By Beronda Montgomery; Public Philosophy Journal | Volume 1, Number 1 | Spring 2018
“The specific ways in which humans engage with the plants growing in their environment offer many lessons about mentoring and professional develop- ment interventions. Organisms, such as plants, which largely live out their lives in one location, are exquisitely sensitive to changes in their external en- vironment and adapt their growth to environmental cues to increase sur- vival and productivity. Plants maximize their use and acquisition of available resources and limit or ward off danger from harmful factors. Systematic as- sessment of how plants sense and respond to environmental fluctuations or transitions, as well as the care humans offer to plants, yield key lessons that can inform mentoring practices that promote the sense-driven and mentor-facilitated success of students and colleagues in academic environ- ments. Notably, the relationships between humans and plants offer inspira- tion for anticipating and employing specific means of nurturing the success of our students and colleagues. This article discusses plant biology-inspired practices for supporting the comprehensive development of a diverse range of students, academic staff, and faculty members as researchers, scholarly thinkers, and independent practitioners. Ultimately, the growth-perspective relationships with plants that humans regularly exhibit indicate vast poten- tial for our capacity for progressive support of diverse individuals in the acad- emy. In this essay, I investigate effective means for planting and cultivating growth-focused mentoring and faculty development initiatives from a con- sideration of the intersecting perspectives of plant biology and mentoring.
Many have experienced encountering a plant in an office or a home that is clearly in distress. Wilting leaves or discoloration are clear signs that some- thing has gone wrong. Almost everyone recognizes that a wilting plant means the caretaker has neglected to provide sufficient water. Keen plant caretakers or avid gardeners also often notice the yellowing of leaves as a potential signal of nutrient deficiency and a need for supplemental nutrients such as those in fertilizers. Additionally, nearly all of us have had a plant in our home that bends towards a window. Even when we are savvy enough to turn the plant to redirect its bending, we rarely stop to ponder that this is an ac- tive adaptation behavior on the part of plants seeking out light. Plants need light, which drives the production of food in the form of sugars that support plants’ growth and fitness, and they will bend themselves to get it. Human responses to plants indicate that many of us are good at reading plants’ sig- nals in order to adjust our care of them.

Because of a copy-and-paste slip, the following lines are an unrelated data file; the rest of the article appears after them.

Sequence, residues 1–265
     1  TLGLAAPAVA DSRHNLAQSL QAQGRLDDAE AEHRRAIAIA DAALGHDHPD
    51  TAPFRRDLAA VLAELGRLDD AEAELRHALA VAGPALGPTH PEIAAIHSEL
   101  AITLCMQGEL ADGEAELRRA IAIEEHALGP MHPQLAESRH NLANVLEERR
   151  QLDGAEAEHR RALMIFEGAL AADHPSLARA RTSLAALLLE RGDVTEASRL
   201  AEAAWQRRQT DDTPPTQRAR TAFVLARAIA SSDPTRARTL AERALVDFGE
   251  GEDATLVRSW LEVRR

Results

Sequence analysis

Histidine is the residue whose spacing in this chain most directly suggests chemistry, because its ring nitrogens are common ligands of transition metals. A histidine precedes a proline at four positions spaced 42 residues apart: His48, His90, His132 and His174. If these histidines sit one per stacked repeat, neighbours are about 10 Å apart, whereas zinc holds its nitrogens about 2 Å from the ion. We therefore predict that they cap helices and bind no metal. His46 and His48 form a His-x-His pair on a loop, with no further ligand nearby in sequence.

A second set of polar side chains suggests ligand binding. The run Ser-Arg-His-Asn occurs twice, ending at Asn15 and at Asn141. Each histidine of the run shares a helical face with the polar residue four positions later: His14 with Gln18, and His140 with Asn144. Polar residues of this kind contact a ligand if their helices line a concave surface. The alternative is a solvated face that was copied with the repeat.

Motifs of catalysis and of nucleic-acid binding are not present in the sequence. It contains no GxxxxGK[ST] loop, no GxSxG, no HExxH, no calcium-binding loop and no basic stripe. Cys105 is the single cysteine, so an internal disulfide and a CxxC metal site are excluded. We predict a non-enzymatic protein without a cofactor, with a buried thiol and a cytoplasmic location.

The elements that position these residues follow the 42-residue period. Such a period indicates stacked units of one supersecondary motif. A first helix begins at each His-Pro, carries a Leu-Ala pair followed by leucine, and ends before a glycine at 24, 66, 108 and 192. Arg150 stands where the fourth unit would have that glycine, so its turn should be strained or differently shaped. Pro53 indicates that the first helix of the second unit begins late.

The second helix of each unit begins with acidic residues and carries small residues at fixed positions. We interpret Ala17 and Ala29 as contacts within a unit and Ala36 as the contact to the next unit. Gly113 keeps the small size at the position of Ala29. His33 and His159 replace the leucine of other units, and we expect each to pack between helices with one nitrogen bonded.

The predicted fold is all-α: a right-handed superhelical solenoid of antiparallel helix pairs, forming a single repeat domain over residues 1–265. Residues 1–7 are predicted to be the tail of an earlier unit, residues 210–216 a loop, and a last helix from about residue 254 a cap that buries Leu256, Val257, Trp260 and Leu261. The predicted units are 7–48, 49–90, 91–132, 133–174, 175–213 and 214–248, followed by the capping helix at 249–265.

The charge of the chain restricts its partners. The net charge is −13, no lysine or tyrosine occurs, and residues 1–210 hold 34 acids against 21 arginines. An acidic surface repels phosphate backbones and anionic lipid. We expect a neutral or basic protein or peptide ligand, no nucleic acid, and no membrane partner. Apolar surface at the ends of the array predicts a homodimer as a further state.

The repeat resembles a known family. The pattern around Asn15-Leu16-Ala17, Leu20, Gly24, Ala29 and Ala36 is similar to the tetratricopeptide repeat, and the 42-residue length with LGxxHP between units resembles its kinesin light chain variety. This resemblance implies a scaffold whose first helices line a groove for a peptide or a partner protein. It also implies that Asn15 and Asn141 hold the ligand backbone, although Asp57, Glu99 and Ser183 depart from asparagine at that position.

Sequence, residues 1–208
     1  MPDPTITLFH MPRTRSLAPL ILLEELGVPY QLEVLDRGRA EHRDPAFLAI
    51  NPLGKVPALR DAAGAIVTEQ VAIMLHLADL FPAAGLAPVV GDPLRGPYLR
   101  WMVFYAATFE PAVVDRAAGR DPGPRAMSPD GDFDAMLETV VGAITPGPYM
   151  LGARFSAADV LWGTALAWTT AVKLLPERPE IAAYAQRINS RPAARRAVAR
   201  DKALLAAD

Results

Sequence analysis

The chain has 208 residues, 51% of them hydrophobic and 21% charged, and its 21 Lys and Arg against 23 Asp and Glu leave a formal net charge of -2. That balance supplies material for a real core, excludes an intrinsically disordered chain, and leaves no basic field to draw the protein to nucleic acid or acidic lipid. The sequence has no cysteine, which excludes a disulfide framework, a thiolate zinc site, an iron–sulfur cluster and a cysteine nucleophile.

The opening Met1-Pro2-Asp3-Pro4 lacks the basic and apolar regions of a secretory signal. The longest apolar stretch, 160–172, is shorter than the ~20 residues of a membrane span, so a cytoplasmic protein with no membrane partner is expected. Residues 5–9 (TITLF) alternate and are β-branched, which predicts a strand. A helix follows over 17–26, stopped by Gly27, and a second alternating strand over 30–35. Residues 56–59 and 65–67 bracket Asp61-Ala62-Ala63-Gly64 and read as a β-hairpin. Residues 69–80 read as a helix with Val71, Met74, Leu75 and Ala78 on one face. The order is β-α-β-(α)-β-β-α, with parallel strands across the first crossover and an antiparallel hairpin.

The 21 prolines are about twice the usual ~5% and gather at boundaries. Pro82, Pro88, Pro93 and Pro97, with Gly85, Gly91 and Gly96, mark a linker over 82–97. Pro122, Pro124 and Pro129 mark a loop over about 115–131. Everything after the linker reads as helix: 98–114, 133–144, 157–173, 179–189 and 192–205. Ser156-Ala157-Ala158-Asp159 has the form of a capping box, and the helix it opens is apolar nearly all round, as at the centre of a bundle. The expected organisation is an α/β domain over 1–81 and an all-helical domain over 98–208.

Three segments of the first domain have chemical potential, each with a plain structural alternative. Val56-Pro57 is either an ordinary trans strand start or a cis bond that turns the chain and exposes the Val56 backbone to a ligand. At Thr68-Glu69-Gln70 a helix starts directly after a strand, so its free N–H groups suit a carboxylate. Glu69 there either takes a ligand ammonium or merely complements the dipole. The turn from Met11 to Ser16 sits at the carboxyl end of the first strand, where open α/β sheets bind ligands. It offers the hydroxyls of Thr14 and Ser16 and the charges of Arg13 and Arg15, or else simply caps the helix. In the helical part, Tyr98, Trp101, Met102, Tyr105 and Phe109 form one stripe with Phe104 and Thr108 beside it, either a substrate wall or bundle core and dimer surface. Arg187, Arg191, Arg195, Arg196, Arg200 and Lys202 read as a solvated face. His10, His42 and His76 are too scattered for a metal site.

Other contexts, such as learning or collegial environments, do not read- ily evoke our human responses to plants, which are largely predicated on a mindset or expectation that we can support the growth of individuals or communities through careful cultivation and stewardship of the environ- ment. In learning environments with students or in relationships with col- leagues, we often readily ascribe struggles of individuals to deficits possessed by the person or personal failure to thrive. Translating our responses to plants to the care of students and colleagues through intentional mentoring holds great promise for moving from seeing deficits and failures to supporting and enabling possibilities.”